Curried Peanut Stuffed Shrimp

I was reading an article a few months ago where the author stated that even people who consider themselves to have international tastes will always still lean towards one type of cuisine in particular.  I scoffed, read the article to Mike, and announced how that was patently not true because I enjoy making all types of food and really couldn’t pick a favorite.

Mike:  “Indian.”

I disagreed most vehemently.  That’s SO untrue!  Falsities!  Fatuous promulgations!!  If anything, maybe I make a bit more Middle Eastern food than the average, or possibly Italian, or maybe even – 

Mike:  “No.  Indian.”

Then I thought about it, and…well…..he’s right.  I refuse to tell him that and I will still wildly protest if he brings it up, but you should know the truth.  And so will he after he reads this.  The only case-pleading that I have left to do here is to say that I do make a lot of Asiatic food, but I separate it into Pakistani, North Indian, South Indian, Malaysian, Thai – whereas to Mike, a curry is a curry is a curry.  The net result is that I FEEL like there’s some variety, but when push comes to shove….I make a lot of curries.

Anyway, because we hadn’t had a curried dish in over a week (horrors!!) and I happened to have some colossal shrimp that I got for a PHENOMENAL price ($6.99/kg for size 6-8 shrimp) out comes the curried peanut stuffed shrimp.  Because really, when you have shrimp that size, you might as well stuff ’em.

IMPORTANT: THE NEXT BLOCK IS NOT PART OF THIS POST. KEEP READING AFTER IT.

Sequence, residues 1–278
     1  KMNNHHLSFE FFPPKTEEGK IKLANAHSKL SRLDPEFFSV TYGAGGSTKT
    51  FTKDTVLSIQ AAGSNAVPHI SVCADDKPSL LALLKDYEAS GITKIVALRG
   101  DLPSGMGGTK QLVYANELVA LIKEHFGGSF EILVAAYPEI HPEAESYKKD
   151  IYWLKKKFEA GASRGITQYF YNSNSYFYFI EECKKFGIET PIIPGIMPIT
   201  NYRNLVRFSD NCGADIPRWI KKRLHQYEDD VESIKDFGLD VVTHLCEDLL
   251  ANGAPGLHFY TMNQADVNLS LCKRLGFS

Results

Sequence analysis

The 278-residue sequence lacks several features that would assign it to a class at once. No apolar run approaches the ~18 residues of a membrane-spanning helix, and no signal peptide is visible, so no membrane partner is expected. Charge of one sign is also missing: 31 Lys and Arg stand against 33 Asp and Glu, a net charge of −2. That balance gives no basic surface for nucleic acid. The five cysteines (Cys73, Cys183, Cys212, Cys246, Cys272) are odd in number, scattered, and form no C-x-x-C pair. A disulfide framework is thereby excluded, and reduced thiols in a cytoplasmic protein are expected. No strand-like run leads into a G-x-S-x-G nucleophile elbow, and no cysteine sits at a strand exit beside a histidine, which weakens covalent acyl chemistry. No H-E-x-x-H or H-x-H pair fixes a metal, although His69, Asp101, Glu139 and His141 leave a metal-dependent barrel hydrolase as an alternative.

Curried Peanut Stuffed Shrimp

Serves:  4 – 6 depending on hunger, shrimp size, and affection for curries.

  • 12 – 15 raw colossal (6-8 or 8-10) size shrimp
  • 1 tsp fennel seed
  • 1 tsp coriander seed
  • 1 inch chunk of fresh ginger root
  • 3/4 cup of unsalted peanuts
  • 1 jalapeno pepper
  • 4 cloves of garlic
  • 1/2 small bundle of cilantro, about a wee handful
  • 1 tbsp olive oil
  • 1 tbsp turmeric
  • 1 tsp cumin powder
  • 1 can (400 ml) unsweetened light coconut milk
  • 3 green onions, chopped 


In a smallish (okay, medium) sized skillet toast the fennel and coriander seeds until they’re fragrant and starting to crackle ever so quietly.

Add in the unsalted peanuts and give everything a stir.  When the peanuts are nicely toasted as well, take the pan off the heat.

Meanwhile, peel your ginger and slice the inch long unit of root into two equal pieces.


In a small food processor pulse two cloves of garlic (save the other two) with the jalapeno and one chunk of ginger until everything is in mighty small pieces.  In terms of the jalapeno, I left the seeds and ribs in because I like a bit of heat.  If you’re a milder soft soul, feel free to scoop the seeds and ribs out, or only use half of a jalapeno.

When the peanut mixture has cooled, add this to the minced savories along with your bunch of cilantro – stems and all.

Pulse that until it is combined and the peanuts are well chopped, but not peanut butter. A bit of texture goes a long way.  Sprinkle lightly with salt, if you so desire…and I did.

I should mention that if you’re going to serve this with rice (basmati, of course) which I would recommend, you probably want to put it on now so that it has adequate time to cook.

Peel the shrimp but leave the tails intact.  Butterfly the shrimp by carefully cutting down the back where the vein is/was (if it’s still there, remove it) without cutting all the way through.  Open the shrimp up so that it sits flat, like a book.  In a lightly oiled/sprayed casserole dish lay the shrimp down and press about 1 – 2 tbsp of filling into each one, tamping down as you go to mold it into a slightly firm mound.  The peanut mixture will not hold together on it’s own, but there’s enough moisture from the other ingredients that it can be packed and pressed into the shrimp and will keep it’s shape.